After preparing her mug she walked out the back door and stood for a while on the top of the three steps that led to a small patio and backyard. Deciduous trees embraced the cottage and clearing all around: oaks, maples, and a few birches. In another month she would see their naked fingers against cold skies, but not yet. When the sun rose it would find them ridiculous with color. She cupped the mug in her hands. She liked the balancing act of cold mornings and warm coffee. She would stand like this even in deep winter, with snow and ice on the ground. But only for a minute. She shook herself. Things to do.

She dressed quickly, made a breakfast of granola and yogurt, and opened her folder of notes in the corner of the dining room, where she’d made an office at the cherry secretary. It seemed she’d just settled when the mantle clock chimed seven. Martha raised her arms in mock alarm. Where does the time go? Car keys, jacket, canvas brief case, a travel mug of coffee, and finally she opened the door to the bedroom: “I’m going.”

“Be right there,” mumbled the lump of blankets.

Then she was off in her car as the sky began to lighten.

*

It had the same color when she returned, although now the light had begun its retreat rather than its advance. She hadn’t intended to stay this long. She never did.

Rather than driving to the cottage she drove to the school. Smitty kept a mailbox there, and he often forgot to check it. Martha also had a book she wanted to return to Adelaide Simpson, from whom she’d borrowed it: the teachers had bins as well as mailboxes in the mailroom, and she thought she would leave it there. All of this was unimportant. She’d thought of it only because she wanted to speak with Benschloss, and she had decided she wanted to do this in person. Loose associations waved in a breeze. The spring before, Benschloss’s life—more accurately, his imagination—had intersected with Adelaide’s life when her father had died, and Benschloss had learned something that Martha needed now.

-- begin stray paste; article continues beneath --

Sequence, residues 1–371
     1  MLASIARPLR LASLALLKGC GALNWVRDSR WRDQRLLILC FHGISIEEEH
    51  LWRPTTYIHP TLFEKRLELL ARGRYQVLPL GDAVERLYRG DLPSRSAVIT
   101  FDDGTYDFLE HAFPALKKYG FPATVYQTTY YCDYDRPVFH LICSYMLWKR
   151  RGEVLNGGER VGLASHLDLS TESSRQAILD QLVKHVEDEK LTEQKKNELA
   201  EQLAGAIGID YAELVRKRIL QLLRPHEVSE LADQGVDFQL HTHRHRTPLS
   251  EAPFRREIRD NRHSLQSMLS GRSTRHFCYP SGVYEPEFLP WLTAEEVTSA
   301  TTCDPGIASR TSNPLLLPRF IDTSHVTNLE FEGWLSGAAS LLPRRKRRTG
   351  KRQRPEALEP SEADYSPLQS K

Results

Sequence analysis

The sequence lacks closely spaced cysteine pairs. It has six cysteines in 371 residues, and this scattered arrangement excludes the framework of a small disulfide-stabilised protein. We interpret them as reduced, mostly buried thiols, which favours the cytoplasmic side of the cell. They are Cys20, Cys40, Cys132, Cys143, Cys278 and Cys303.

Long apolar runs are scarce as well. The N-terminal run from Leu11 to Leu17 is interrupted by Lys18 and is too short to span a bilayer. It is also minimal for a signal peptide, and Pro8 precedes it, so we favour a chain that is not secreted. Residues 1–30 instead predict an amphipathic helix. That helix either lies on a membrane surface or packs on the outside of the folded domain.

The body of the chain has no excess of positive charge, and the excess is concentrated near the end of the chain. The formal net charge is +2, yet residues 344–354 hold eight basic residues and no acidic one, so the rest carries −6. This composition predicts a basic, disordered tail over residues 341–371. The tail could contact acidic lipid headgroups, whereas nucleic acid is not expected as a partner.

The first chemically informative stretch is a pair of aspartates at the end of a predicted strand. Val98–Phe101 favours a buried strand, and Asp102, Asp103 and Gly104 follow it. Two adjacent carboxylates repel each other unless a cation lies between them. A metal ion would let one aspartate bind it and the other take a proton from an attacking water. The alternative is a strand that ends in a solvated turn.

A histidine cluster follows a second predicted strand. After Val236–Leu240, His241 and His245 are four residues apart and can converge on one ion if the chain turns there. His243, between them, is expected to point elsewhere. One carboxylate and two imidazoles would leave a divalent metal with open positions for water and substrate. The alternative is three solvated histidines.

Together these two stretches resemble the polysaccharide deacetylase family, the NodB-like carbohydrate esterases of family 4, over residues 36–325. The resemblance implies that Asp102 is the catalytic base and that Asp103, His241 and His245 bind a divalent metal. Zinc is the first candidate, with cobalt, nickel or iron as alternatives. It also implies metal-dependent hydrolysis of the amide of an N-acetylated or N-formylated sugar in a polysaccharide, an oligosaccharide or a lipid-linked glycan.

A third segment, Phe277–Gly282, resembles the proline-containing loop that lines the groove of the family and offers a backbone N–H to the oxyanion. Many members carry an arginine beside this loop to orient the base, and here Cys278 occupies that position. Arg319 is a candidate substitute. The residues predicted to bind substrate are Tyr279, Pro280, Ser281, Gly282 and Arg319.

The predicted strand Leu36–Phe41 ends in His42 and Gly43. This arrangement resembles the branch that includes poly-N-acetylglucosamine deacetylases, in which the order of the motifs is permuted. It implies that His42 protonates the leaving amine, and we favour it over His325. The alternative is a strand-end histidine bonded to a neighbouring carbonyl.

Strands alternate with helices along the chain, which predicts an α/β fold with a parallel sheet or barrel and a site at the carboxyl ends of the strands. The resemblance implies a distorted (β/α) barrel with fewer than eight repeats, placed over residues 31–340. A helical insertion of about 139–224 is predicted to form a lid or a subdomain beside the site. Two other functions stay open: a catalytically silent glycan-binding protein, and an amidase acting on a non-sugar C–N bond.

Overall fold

She parked in the little lot near the main building. Benschloss’s shed stood alone across the lane. He liked to call it a cottage, but it had been, after all, a farm shed. She thought a shed suited him better. Only old people live in cottages, and although Benschloss pretended to be old, he wasn’t. He in fact always seemed on the verge of falling backward into adolescence, but the way he kept his footing was endearing.

As Martha entered the building a student was simultaneously exiting, and they both stumbled a bit as the door opened more quickly than either had expected.

“Chitwood.”

“Ma’am. Sorry.”

“No harm done. How was summer?”

She knew it had been eventful. His life had changed. Martha hadn’t yet spoken to him since his return. Having a life separate from the school, she had irregular contact with the students and lived a step away from them. It was often a help.